Cognitive Supplement Spotlight, Vol. 3: Nicotinamide Riboside

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This is the third in a regular series on supplements which have been shown, through research and/or traditional use, to support cognitive function.  These supplements, along with prescription medications and other substances, are called nootropics.  As more and more Americans age and face challenges with memory and mental processing, we are looking for “magic pills” to build up our brainpower and help us keep sharp.

 

While no one pill can solve aging and reverse cognitive decline, many have been shown to help.  I hope to provide commonsense, realistic recommendations for the products I will be reviewing.

 

Please note that none of these recommendations is meant to replace my basic recommendation of regular exercise (5 times a week, minimum of 30 minutes aerobic plus 15 minutes’ strength training three times a week) and a brain-friendly diet (Ketoflex 12/3 is ideal – contact the office for more info on this), in addition to the ultimate nootropic, sleep.

 

What is Nicotinamide riboside?                            

 

 

First lets talk about NAD+. NAD+ is an essential coenzyme that is made from the conversion of nicotinamide riboside, a form of vitamin B3. NAD+ is found in every cell of your body, and its role is to regulate how quickly those cells in your body age. Not only does it do that, but NAD+ also transfers energy to the mitochondria, which is then converted to cellular energy. So as you age, NAD+ declines in your cells leading to age-related diseases, with Alzheimer’s disease being one of those.

 

Nicotinamide riboside has been found to increase levels of NAD+, which also extends lifespan and reduces cognitive deficits.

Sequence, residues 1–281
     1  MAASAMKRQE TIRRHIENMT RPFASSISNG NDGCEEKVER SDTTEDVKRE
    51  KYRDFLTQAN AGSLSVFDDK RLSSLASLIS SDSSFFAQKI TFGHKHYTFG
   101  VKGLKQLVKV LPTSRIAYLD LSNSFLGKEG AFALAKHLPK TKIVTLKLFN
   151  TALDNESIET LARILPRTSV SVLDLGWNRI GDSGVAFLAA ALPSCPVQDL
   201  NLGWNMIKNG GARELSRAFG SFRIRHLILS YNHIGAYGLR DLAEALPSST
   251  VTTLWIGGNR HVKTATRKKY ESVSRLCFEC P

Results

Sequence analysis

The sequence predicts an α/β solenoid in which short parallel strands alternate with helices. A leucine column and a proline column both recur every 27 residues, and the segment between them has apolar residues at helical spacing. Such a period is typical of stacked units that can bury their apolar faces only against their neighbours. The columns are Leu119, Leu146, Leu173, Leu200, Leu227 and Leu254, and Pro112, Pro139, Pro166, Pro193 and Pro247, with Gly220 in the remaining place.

What are the benefits from Nicotinamide riboside?

 

 

 

 

 

 

Studies have shown that aging decreases the amount of NAD+ in the brain. To slow down the progression of Alzheimer’s disease and other age related diseases, supplementation of nicotinamide riboside helps to increase the amount of NAD+ as well as protecting our neurons. The use of nicotinamide riboside is associated with fewer cognitive deficits, reduced production of beta-amyloid plaques, and fewer cell deaths. It has also been shown to contribute to the growth and development of neural tissue and neural stem cells. Increasing NAD+ levels by using nicotinamide riboside protects the brain and improves aging-related disorders (ex. Metabolic disease and diabetes) which all can lead to cognitive decline.

 

Studies on Nicotinamide riboside.

 

In a mouse study, those that were treated with NAD+ showed less of the following:  DNA damage, brain inflammation and loss of hippocampal neurons (the part of the brain in which memories are stored).  These mice also had increased brain activity of SIRT3, which appears to protect mitochondria, the energy producing parts of cells.  Nicotinamide riboside improved cognitive function in multiple behavioral tests and restored hippocampal plasticity.  Plasticity is extremely critical in healthy brains – it is the ability of the brain to rewire itself.

 

Another study found that nicotinamide riboside helped make mitochondria resistant to damage –this could halt diseases caused by amyloid toxicity, such as Alzheimer’s disease.

 

In a 2018 mouse study, it was found that those that were treated with nicotinamide riboside had less DNA damage, lower levels of neuron damage and death, increased production of new neurons, and lower brain inflammation than did the control group. In addition, the nicotinamide riboside-treated mice also had better muscle strength and endurance than those not treated with it.

 

Does Dr. Goodman have a preferred brand?

 

Generally I use Niacel, Nicotinamide Riboside by Thorne Research. This brand offers 125 mg of Nicotinamide Riboside in one capsule. I would dose this at 1 capsule 2X a day.

 

How long until you notice any benefit?

 

Be patient, as you should start to see some benefits around 8-10 weeks. This needs time to build up in your system before you will be able to see any benefits from it.

 

 

This article was co-written by Karolina Zagaja, ND Cand (2019).

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